"There are more than 18,000 families in Mississippi that have not recovered from Katrina," says Roberta Avila, head of the Mississippi Interfaith Disaster Task Force and a board member of an advocacy campaign called People Before Ports. "That's why the governor's $600 million decision was so offensive." (That number has since been reduced to $570 million as the state transferred more monies to low-income housing over the past year.) The governor has repeatedly said the state had already met the needs of storm-affected homeowners and emphasized that port expansion was necessary for the gulf's long-term economic health and would create 5,400 jobs by 2015. Then-HUD Secretary Alphonso Jackson signed off on the request but took the unusual step of noting his displeasure with the governor's action, stating, "This expansion does indeed divert emergency federal funding from other more pressing recovery needs, most notably affordable housing."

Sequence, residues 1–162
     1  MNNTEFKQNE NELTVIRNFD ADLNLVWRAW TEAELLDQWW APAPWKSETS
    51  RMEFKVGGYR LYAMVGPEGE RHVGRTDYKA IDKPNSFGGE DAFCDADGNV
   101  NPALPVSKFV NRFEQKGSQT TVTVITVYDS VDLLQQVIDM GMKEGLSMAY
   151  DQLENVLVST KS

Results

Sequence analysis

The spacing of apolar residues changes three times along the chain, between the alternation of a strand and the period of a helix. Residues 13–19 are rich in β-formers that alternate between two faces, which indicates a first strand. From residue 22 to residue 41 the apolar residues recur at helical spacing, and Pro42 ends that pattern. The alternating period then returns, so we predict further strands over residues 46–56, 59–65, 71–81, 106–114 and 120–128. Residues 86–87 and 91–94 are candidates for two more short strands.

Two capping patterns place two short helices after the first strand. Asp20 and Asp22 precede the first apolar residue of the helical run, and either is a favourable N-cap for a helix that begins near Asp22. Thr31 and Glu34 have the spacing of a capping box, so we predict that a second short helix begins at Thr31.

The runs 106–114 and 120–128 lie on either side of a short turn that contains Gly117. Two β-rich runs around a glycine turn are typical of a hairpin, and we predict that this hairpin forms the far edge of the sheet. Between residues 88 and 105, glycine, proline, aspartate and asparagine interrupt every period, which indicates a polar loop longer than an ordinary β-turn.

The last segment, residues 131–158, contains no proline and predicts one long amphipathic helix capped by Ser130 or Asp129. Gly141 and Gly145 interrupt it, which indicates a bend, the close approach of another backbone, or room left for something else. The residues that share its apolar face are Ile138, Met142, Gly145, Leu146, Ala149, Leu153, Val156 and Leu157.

In response, a coalition of Mississippi religious leaders and housing advocates have come together over the past 18 months in People Before Ports, which has drawn widespread attention to the port cash swap. Having exhausted their options, four Gulf Coast residents without homes, in conjunction with the Mississippi NAACP and the Gulf Coast Fair Housing Center, filed a lawsuit in Washington, D.C., against HUD, claiming the agency failed in its core mission to make sure that $570 million of Community Development Block Grant (CDBG) money was spent on housing for low-income residents. "HUD's failure to act is of tragic consequence," the lawsuit states. "The agency's misreading of the law allows Mississippi [to] improperly siphon off over a half-billion dollars in disaster relief funds for use on a commercial port redevelopment project when those funds are still desperately needed to provide sufficient affordable housing for Mississippi's low-to-moderate income families."